Latest Educational News

More children are struggling with vocabulary, teachers say

by TES, April 19, 2018

Pupil, dictionaryMost teachers are reporting an increase in children at risk of underperforming because of their limited grasp of the vocabulary, with almost half of UK pupils affected, according to a poll conducted by Oxford University Press (OUP).

The majority of more than 1,300 teachers surveyed in primary (69 per cent) and secondary schools (60 per cent) reported that the number of pupils with a word gap was either increasing or significantly increasing in their schools.

Apprenticeship starts show no sign of recovery

by TES, April 19, 2018

The number of apprenticeship starts shows no sign of recovery, with a fall of almost a quarter compared to the same point last year.

Between August 2017 and January 2018 there were 206,100 apprenticeship starts compared to 269,600 starts at the same point last year, a decrease of 24 per cent.

Should twins be taught separately?

by BBC, April 19, 2018

Should twins automatically be put in different classes at school? New research suggests not.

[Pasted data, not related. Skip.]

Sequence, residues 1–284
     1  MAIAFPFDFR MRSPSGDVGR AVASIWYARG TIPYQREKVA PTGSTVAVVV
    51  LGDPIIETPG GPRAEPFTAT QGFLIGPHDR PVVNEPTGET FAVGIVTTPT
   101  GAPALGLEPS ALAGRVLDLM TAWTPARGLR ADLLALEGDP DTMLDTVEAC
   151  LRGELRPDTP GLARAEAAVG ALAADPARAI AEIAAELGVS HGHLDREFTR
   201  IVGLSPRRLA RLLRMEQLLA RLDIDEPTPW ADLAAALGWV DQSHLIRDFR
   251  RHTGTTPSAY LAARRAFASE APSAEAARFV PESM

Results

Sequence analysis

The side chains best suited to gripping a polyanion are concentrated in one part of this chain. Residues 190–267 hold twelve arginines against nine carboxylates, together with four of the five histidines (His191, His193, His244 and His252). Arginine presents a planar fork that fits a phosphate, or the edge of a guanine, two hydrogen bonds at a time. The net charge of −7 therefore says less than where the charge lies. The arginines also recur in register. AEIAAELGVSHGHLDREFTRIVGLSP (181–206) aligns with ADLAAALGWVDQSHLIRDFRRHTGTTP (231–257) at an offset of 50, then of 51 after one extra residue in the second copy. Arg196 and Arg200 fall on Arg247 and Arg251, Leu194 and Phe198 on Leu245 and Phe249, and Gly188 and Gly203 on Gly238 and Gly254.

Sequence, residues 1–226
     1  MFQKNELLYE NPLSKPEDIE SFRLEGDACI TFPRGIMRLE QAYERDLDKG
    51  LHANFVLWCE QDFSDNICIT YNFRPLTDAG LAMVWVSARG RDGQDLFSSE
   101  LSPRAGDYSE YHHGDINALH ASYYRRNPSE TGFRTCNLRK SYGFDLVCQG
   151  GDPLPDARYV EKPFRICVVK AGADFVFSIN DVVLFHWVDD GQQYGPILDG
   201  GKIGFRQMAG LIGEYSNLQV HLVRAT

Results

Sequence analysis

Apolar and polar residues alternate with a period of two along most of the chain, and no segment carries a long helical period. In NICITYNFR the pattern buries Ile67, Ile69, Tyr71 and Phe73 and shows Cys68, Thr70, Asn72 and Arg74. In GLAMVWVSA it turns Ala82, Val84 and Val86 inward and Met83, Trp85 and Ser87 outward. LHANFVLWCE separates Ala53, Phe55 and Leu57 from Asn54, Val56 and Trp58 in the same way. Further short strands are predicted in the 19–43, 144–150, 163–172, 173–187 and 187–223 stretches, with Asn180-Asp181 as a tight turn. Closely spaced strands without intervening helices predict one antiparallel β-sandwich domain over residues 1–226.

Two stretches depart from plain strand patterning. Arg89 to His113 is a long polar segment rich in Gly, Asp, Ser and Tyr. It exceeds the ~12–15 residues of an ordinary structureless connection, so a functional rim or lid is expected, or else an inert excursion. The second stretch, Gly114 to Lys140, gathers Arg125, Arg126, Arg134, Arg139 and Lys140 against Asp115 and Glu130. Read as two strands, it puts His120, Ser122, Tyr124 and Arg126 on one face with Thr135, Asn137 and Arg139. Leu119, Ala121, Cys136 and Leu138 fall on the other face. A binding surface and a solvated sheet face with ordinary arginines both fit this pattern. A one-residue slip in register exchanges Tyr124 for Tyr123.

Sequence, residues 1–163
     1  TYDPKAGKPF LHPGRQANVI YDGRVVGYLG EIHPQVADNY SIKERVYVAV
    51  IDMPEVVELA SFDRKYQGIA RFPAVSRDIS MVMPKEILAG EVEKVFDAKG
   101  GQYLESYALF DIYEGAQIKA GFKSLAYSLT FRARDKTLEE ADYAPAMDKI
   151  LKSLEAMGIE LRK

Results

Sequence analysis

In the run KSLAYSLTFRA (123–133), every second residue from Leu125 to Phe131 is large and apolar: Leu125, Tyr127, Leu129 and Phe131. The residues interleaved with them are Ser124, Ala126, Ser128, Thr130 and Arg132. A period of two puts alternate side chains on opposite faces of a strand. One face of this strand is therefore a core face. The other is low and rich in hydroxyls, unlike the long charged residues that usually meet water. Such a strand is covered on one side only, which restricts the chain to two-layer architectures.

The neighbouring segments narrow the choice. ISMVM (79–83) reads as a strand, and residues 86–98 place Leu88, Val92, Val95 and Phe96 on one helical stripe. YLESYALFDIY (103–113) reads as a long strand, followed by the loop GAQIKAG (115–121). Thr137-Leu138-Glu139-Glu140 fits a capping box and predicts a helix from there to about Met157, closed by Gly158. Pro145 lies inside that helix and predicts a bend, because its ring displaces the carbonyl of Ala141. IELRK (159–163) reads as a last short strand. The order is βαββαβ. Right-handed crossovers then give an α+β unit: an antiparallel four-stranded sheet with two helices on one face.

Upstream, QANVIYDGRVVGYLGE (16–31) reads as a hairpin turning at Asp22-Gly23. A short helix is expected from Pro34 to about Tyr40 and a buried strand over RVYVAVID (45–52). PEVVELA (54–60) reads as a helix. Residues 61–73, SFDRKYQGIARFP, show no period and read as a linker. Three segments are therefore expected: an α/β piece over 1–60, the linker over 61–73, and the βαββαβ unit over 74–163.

A study from Goldsmiths, University of London, finds no strong evidence that putting twins into different classes at school is better for them academically.

And this is the case for both identical and non-identical twins.

It says there should be no strict rules on separating twins, and it should be left to the youngsters, their parents and teachers to decide what is best.

The researchers analysed data from more than 9,000 pairs of twins aged between seven and 16 in schools in the UK and Canada.

They found that, on average, separating them had no substantial positive or negative effect on the twins' academic achievement, cognitive ability and motivation.

Narrow vocabulary 'hits pupils' grades'

by BBC, April 19, 2018

Monosyllabic adolescents may be nothing new, but the latest research suggests a big chunk of them do not know enough words to do well at school.

According to academics, four out of 10 pupils in their first year of secondary school have such a limited vocabulary that it is affecting their learning.

Many teachers from the 800 secondaries involved in the Oxford University Press research say the problem is worsening.

They blame the "word gap" on too little reading for pleasure.

Studies suggest breadth of vocabulary is strongly influenced by the number of words a child comes into contact with on a daily basis.

This includes conversations with parents, siblings and friends, as well as what they read.

Six ways to reduce exam stress for GCSE students

by TES, April 14, 2018

Having noticed an increase in the number of GCSE students struggling to manage stress, this maths and physics teacher shares some tips for how schools can minimise exam stress next term